Please use this identifier to cite or link to this item: https://hdl.handle.net/10356/168472
Title: Brain connectivity network as a mediator in cocaine use disorder and impulsivity
Authors: Yuvaraj S/O Arumugam
Keywords: Social sciences::Psychology
Issue Date: 2023
Publisher: Nanyang Technological University
Source: Yuvaraj S/O Arumugam (2023). Brain connectivity network as a mediator in cocaine use disorder and impulsivity. Final Year Project (FYP), Nanyang Technological University, Singapore. https://hdl.handle.net/10356/168472
Abstract: Cocaine, as a drug, has harmful effects on the human body and has affected various populations in the world. With cocaine use disorder (CUD) being diagnosed due to prolonged use, one of the studied effects of CUD would be impulsivity. This study, therefore, aims to explore the relationship between CUD and impulsivity, while including how brain connectivity networks can influence the relationship between CUD and impulsivity. Participants and their data (MRI and impulsivity measure of the BIS-11) were attained from the SUDMEX database. Diffusion tensor imaging and resting-state functional MRI data were processed using MRtrix3 and fMRIprep, respectively, before extracting structural and functional connectivity (FC) matrices for each participant. Network-based statistics were conducted to observe whether significant differences between CUD and Healthy Control (HC) participants existed, followed by a mediation analysis, with the brain connectivity network(s) serving as a mediator. Results showed that a CUD diagnosis-positive FC network mediated the relationship between CUD and non-planning impulsivity, where a strong functional coupling was found in between the frontoparietal and default-mode network. The frontoparietal network and default-mode network are part of a larger theorized triple network model of the dysfunction, where switching between the frontoparietal network and default-mode network could be due to an abnormal salient network. No structural connectivity (SC) networks were found to be significantly associated with CUD. This study has contributed to the discovery of CUD-related biomarkers in the brain and has shown that these biomarkers are linked to observable individual differences in impulsivity.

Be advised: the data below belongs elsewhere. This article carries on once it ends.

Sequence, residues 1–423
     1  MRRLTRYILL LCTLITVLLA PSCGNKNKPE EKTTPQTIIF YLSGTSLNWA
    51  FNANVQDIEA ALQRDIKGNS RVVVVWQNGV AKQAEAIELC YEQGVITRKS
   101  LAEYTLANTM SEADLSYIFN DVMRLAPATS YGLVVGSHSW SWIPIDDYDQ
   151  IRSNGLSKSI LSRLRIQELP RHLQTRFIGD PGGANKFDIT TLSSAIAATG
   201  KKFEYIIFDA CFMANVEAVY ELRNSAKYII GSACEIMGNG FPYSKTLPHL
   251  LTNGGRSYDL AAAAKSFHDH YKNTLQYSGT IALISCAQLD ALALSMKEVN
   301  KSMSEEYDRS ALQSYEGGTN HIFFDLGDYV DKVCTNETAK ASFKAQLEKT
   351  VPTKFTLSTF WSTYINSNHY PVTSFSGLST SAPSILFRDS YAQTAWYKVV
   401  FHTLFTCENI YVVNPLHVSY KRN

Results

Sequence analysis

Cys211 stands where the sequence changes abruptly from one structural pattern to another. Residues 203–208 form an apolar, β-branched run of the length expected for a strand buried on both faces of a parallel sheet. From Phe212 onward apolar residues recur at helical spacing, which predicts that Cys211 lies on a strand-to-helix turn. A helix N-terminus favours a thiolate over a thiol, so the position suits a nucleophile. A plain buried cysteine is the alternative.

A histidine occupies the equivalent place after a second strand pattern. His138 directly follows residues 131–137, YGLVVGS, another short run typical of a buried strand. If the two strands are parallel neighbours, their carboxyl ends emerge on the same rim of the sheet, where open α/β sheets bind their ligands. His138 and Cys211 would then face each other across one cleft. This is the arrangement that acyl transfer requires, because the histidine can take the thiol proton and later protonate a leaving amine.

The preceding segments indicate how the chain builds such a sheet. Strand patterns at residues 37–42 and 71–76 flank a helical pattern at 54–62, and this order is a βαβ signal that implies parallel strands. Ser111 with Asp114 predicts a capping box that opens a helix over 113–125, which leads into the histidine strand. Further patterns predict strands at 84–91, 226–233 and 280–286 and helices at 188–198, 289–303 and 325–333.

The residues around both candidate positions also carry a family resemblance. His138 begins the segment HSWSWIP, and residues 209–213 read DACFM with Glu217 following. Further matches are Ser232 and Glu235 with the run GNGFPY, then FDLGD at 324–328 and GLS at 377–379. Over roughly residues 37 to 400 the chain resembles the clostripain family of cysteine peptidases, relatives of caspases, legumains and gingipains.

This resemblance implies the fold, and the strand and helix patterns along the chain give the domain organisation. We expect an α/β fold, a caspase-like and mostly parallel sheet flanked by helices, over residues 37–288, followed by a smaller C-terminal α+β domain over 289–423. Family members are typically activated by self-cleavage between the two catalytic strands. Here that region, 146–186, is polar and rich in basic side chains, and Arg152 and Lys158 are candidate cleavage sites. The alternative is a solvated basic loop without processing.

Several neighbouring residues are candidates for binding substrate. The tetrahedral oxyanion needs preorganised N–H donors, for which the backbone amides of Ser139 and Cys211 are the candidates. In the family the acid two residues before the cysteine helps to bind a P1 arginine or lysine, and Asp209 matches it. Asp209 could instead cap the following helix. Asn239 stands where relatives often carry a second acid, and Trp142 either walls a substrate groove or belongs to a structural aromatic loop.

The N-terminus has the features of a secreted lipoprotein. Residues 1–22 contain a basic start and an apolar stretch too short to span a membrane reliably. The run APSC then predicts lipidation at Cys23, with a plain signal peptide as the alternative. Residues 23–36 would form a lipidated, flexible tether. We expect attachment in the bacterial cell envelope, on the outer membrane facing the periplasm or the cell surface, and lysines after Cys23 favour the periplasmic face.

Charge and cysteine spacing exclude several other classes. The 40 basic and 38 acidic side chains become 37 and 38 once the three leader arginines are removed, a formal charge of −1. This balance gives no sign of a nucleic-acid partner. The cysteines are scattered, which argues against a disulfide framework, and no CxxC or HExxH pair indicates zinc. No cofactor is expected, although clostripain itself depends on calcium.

URI: https://hdl.handle.net/10356/168472
Schools: School of Social Sciences 
Fulltext Permission: restricted
Fulltext Availability: With Fulltext
Appears in Collections:SSS Student Reports (FYP/IA/PA/PI)

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